After NFL commissioner Roger Goodell in 2010 pushed through a modified sudden-death overtime proposal that had lukewarm support among owners and general managers, Sports Illustrated hailed him as a "consensus-building diplomat" and compared him to former commissioner Pete Rozelle.
Rozelle was the quintessential deal-maker, a guy who knew how to work a room to get what he wanted and wouldn't stop lobbying until he had the votes -- a quality Goodell demonstrated years later when he pushed through a proposal head coaches opposed.
So what? So, now more than ever, Goodell needs to work the room again.
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Only this time the stakes are bigger, much bigger. Instead of unifying owners behind a rules change, Goodell must unify them behind a negotiating strategy that can and will bring a labor agreement to save the 2011 season -- preseason included.
Yeah, I know, I believe that will happen. So do most of the coaches and GMs I trust. They anticipate that sometime by mid-to-late July a breakthrough occurs, the lockout is lifted and the NFL is back in business, with the expectation that training camps open by early August, at the latest.
But they always hedge, and it's easy to see why: First of all, we must hear from the 8th Circuit Court of Appeals on a motion to overrule an earlier injunction lifting the lockout, though the expectation is that it will. Second, team owners who meet Tuesday apparently aren't unified on revenue-sharing issues that caused them to opt out of the 2006 collective bargaining agreement.
And that's where Goodell comes in.
There is nothing he can do to influence the court, and a decision could be forthcoming in the next week or two. But he can influence the league he oversees. In fact, I would suggest that as a "consensus-building diplomat," it's his duty.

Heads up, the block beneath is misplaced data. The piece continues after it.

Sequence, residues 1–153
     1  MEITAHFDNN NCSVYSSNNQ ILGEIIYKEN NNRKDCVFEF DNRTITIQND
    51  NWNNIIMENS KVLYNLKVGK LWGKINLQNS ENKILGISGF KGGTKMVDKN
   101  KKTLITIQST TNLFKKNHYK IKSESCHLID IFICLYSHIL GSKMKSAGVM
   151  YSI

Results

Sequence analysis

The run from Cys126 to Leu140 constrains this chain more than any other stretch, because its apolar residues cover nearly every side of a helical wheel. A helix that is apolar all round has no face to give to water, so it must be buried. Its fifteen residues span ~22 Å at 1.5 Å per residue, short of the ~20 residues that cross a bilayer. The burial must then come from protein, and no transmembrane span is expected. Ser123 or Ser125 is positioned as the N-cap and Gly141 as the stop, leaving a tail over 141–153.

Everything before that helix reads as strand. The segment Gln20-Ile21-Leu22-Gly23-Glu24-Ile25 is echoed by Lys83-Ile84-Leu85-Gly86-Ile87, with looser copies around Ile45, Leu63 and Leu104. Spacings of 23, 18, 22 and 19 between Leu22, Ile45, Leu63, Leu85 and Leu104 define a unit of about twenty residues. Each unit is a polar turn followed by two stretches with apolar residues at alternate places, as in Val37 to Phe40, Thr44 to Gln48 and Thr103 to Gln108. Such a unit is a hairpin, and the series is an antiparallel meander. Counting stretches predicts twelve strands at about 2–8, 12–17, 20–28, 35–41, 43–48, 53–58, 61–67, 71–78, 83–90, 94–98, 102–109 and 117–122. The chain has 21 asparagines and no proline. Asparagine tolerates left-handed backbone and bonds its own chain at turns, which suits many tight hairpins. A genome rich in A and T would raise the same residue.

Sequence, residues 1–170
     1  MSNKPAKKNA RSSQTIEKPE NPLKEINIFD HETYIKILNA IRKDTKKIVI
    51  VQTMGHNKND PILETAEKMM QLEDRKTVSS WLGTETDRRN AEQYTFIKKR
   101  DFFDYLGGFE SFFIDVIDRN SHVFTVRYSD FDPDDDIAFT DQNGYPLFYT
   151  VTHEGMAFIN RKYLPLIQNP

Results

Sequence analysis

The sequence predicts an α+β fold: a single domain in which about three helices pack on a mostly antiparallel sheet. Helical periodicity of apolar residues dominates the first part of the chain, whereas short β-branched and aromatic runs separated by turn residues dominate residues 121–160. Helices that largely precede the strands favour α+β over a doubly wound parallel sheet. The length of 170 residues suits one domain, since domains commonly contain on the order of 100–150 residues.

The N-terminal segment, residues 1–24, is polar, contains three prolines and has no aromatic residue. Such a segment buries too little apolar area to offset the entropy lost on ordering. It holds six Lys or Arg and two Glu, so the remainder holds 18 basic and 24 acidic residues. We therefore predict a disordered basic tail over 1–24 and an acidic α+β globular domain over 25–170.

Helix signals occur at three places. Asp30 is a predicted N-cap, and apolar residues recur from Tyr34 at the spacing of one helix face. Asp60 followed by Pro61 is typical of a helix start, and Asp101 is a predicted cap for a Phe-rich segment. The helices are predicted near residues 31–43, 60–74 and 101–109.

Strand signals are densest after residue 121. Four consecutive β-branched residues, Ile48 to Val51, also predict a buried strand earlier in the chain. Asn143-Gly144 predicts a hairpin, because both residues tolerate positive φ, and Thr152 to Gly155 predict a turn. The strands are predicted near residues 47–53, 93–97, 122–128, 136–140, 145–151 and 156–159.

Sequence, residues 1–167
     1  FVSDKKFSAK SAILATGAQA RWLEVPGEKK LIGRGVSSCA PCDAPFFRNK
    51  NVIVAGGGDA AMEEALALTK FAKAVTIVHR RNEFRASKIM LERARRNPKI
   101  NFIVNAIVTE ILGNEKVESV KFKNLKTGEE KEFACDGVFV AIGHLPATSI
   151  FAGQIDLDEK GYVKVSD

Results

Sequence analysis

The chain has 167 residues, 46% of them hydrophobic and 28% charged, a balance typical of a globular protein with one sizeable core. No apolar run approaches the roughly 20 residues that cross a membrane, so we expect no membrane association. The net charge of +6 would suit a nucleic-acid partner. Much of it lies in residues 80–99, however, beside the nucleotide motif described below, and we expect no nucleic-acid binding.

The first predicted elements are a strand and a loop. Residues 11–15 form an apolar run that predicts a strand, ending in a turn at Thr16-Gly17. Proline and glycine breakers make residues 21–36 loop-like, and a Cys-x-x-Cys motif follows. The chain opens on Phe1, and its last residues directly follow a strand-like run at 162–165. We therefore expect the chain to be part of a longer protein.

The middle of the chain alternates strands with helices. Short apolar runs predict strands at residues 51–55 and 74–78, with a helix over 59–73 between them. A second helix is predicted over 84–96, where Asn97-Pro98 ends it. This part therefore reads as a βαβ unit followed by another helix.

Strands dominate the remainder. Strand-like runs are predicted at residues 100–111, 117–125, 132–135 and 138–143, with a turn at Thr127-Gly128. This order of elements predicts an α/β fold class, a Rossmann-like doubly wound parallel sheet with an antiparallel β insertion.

In essence, his job now is to try to unify owners who are divided on issues that could cause labor negotiations to drag on through the summer.
Granted, that sounds easier than it is, but one reason Goodell was chosen for the job was because of his leadership qualities -- including his ability to strike a tough deal, which he demonstrated so deftly at last year's spring meetings when head coaches only a day before seemed to sabotage the new OT rule. Goodell simply waited until they went away, met with owners in a closed-door session, convinced them that change was good, then called for a vote.
The measure passed 28-4.
But that was the warmup to what we have now, and what we have now are owners who need to be shown what's right, what's reasonable and what's good for all. This is a league that was founded on sacrifice, with someone like former Giants owner Wellington Mara willing to share in revenues with small-market owners because ... well, because it made the league stronger. And the stronger the league was the stronger and more profitable its clubs became. Small market, big market, it didn't matter. The whole was greater than the sum of its parts.
That is a lesson that needs to be repeated and reinforced today, and it's time for Goodell to grab a megaphone. If he can push disinterested owners toward supporting a rules change he favors, he can try to push them toward backing a negotiating strategy that over the past three weeks seemed to produce more progress than the preceding three months.
I know, there is much work that is left, but at least there was movement and hope for a normal preseason and regular season. Some of that optimism was tempered by last week's news that owners are divided, one reason they've been asked to be prepared to stay overnight in Chicago on Tuesday.
But the NFL has no chance of reaching a deal if it can't unify its owners, and first things first: Before returning to the negotiating table, the league's ownership must get its act together, with small-market and big-market owners united on key core economic issues.
That was a problem in 2006, and owners later opted out of an agreement they didn't perceive as fair. So now we're back where we began, only this time it's with a lockout that goes on and on and with the presiding judge at the Eighth Circuit Court of Appeals urging owners and players to settle their differences outside of court.
That's a great idea, only owners must settle their differences among themselves first. That's what they hope to do this week in Chicago, and if they can't reach a consensus among themselves I know just the guy they should call.